The Robert Levinson Abdication

The Help Bob Levinson Rally in Coral Springs, Florida, March 5, 2016.

Photo: Benjamin Rusnak/Zuma Press

Bob Levinson deserved better from the country he served so faithfully. The former FBI agent went missing in Iran in 2007, making him the longest-held American hostage. His family had long clung to hope—they received a video in 2010 and photos in 2011—but this week announced they now believe he is dead.

In a statement his wife and children put it this way: “We recently received information from U.S. officials that has led both them and us to conclude that our wonderful husband and father died while in Iranian custody. We don’t know when or how he died, only that it was prior to the Covid-19 pandemic.”

The statement thanked President Trump, his national security team, and various Senators “who have done all they could to make our family whole again.” Though the President later said at a press conference that he still isn’t convinced Levinson is dead, the family was plainly persuaded by the intelligence they received.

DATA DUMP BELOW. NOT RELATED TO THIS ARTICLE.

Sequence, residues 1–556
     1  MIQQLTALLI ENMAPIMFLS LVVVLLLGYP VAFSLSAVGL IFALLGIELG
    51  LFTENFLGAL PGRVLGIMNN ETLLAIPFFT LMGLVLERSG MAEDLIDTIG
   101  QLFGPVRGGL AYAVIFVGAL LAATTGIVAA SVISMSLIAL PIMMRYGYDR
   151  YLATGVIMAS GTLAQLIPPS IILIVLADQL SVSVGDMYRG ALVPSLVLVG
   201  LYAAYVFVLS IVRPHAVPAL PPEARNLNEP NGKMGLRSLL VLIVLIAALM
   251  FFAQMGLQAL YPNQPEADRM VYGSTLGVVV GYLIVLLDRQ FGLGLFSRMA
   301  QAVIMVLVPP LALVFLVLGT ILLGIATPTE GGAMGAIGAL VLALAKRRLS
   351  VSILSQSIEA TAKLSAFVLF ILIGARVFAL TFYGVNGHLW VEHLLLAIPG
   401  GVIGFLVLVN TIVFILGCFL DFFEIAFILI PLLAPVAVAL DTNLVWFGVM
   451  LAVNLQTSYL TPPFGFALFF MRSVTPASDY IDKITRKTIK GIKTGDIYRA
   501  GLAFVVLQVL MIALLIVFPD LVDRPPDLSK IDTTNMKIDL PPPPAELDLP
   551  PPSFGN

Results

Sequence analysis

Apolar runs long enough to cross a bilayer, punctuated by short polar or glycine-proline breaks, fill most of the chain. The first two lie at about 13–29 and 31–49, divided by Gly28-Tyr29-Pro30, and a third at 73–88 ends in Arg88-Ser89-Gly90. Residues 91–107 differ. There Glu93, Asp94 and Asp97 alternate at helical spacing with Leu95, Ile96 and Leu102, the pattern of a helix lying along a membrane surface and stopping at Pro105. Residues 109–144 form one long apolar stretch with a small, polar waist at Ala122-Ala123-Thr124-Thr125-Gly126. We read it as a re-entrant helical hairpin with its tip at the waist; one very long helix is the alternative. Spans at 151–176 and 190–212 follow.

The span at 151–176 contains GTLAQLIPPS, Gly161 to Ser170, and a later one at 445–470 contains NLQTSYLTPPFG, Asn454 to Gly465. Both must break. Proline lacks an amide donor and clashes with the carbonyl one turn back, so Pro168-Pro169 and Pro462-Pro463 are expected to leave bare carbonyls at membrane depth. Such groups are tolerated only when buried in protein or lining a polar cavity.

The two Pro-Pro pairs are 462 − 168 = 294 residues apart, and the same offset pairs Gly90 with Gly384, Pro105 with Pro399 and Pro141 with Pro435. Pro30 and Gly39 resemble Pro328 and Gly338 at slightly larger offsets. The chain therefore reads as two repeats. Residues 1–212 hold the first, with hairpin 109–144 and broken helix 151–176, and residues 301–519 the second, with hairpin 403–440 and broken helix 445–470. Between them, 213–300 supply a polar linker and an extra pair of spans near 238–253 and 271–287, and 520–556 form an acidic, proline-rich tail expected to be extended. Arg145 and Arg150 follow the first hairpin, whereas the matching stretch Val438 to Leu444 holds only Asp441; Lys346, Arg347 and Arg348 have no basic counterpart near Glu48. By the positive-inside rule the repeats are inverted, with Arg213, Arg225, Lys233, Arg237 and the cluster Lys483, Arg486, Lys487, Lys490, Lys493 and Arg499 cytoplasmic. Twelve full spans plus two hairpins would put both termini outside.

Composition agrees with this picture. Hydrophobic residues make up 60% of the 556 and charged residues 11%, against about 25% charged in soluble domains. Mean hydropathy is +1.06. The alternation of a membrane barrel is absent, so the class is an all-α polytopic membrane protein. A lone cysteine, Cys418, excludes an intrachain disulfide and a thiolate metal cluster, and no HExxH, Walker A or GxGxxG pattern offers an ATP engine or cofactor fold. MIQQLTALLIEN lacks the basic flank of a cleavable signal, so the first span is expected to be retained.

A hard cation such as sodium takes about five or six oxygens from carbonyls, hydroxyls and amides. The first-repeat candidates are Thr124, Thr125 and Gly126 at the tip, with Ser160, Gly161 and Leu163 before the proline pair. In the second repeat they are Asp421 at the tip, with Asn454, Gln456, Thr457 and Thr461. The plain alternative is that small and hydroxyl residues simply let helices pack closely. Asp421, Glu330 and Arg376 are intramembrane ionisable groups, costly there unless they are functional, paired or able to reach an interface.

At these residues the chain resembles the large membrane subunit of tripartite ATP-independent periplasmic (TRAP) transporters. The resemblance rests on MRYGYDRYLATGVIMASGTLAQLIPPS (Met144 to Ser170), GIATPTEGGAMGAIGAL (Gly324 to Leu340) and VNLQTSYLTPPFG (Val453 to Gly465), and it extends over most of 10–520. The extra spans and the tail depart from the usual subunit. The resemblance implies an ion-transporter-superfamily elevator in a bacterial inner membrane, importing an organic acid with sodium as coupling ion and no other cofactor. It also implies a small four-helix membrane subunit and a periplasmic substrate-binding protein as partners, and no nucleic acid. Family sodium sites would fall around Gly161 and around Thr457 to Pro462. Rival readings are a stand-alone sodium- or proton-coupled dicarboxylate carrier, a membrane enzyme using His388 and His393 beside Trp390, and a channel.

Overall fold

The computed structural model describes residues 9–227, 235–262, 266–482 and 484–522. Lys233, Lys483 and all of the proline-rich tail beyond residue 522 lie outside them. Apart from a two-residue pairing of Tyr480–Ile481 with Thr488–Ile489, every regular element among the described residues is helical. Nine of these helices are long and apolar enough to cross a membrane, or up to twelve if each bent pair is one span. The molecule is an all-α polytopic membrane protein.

It is a tragic end to a terrible story. Initially, U.S. officials told the American people Levinson had been on a private business trip. Later we learned he’d been dispatched to Iran by CIA analysts who had no authority to do so. Perhaps most disgraceful was the Obama Administration’s decision to conclude its nuclear deal with Tehran without bringing Levinson home or at least resolving the case—at the moment America had the most leverage.

Iran has taken many American hostages. But Bob Levinson was taken prisoner while on a mission to gather intelligence in a dangerous country. Let’s hope those who pressed hardest for his return continue to insist on a final and full public accounting—from our own government as well as from Iran.

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